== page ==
The Comfort A Friend Provides

We carry with us, as human beings, not just the capacity to be kind, but the very choice of kindness.” -R.J. Palcio, Wonder

I saw something I hadn’t seen since Anabel was diagnosed. I took her and her friend (I call them A squared) to see a movie. Once we settled in with their snacks she comfortably took her insulin pump out of its belt in front of someone other than her family. She plugged her stats in and let it just hang out for a while. After completing her bolus she told her friend a joke, they both laughed together and she tucked her pump away.  Anabel typically is very secretive about her condition… still. I think she is generally pretty private anyway so it rolls over to her T1D. I can’t remember a time in the last year and a half when I’ve seen her so comfortable around another child, other than her brother. In this moment I was awe struck.   It was a simple moment, just two girls at the movies and a nosy mother making an observation about their interaction.  I have to admit it was amazing to see her so much like herself and comfortable in her own skin around someone else.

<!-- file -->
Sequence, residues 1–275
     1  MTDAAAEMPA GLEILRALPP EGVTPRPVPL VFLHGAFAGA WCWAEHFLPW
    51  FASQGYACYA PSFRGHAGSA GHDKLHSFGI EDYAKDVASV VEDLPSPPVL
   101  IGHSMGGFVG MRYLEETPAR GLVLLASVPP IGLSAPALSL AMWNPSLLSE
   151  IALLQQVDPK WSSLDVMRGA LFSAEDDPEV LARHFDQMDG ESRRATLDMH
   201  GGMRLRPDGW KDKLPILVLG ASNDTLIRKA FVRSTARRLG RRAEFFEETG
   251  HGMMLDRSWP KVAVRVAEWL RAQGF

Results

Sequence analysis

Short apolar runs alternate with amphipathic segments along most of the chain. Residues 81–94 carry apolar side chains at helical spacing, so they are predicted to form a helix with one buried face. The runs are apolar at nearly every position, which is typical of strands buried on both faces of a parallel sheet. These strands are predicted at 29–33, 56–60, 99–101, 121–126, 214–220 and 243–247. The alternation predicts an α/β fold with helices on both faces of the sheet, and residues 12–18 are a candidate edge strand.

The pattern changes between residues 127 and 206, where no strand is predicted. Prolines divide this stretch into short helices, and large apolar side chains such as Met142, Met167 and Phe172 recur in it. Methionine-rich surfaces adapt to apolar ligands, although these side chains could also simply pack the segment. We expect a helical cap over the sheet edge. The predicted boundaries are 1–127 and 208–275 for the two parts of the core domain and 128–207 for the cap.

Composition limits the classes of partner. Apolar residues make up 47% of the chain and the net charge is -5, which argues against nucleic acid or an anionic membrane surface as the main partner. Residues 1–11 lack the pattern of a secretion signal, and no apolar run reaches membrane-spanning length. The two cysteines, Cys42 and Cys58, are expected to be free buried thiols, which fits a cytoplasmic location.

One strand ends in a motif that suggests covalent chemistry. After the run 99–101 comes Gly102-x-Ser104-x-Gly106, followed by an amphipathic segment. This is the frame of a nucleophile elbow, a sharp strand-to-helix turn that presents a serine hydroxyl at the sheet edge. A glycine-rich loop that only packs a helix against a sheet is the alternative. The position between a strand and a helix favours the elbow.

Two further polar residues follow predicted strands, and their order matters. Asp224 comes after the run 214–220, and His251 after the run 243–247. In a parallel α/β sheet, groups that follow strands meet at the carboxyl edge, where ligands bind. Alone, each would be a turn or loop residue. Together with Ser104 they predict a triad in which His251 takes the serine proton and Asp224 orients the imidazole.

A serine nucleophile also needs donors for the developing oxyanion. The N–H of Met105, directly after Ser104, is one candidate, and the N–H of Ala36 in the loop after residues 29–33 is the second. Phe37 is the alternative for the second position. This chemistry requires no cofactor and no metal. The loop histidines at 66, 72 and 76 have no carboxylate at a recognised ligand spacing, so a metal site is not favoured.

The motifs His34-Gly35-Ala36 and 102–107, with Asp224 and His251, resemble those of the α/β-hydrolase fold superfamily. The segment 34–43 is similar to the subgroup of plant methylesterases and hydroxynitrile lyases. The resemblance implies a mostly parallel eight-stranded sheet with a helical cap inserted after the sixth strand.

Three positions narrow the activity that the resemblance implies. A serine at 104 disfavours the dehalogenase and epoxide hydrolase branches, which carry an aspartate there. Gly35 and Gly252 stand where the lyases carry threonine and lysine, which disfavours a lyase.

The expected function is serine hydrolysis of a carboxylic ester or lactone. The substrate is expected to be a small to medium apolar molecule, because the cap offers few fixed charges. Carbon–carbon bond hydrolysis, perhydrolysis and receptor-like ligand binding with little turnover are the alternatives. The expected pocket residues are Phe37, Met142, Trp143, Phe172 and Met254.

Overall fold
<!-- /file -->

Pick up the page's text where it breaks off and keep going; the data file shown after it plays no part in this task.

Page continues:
Screen Shot 2017-12-28 at 5.45.06 PMIt’s merely a coincidence that we went to see the movie Wonder based on the book by R.J. Palcio.  The theme of both is friendship and kindness and arguable the journey to find oneself.  The main character struggles with a condition of his own.  As he grows up he has to deal with the realities of navigating relationship building with children his own age, many of whom, could have used a few lessons in the value of kindness.  A squared and their time together was an event of natural kindness and friendship.

The level of contentment I witnessed between my sweet one and her friend is something I don’t recall seeing in her often. I sat in the movie with these two lovelies and felt a warmth that I can’t describe.  As adults, we understand how friendships go.  Sometimes they are complicated and people who you thought you might always be friends with drift away.  Whether these two dedicate themselves to a life long friendship, there’s no way to tell.  However, I’m grateful for this pair today and what a friend has unknowingly provided to my sweetest one… comfort and acceptance.

*photo credit

4 thoughts on “The Comfort A Friend Provides”

  1. Great observation, Mom. Whether the A’s continue their friendship in perpetuity your A also taught her friend that children/people are different and it is those very things that make us who we are and who we will be. So 5,10,20 years down the line when her friend encounters another PWD who perhaps is not so open about it, she will allow them the security to be who they are because she knows all too well that having diabetes is only a little different than having brown eyes, freckles or bottle cap lenses for glasses. Peace+ Tim the “DiabetesDude”

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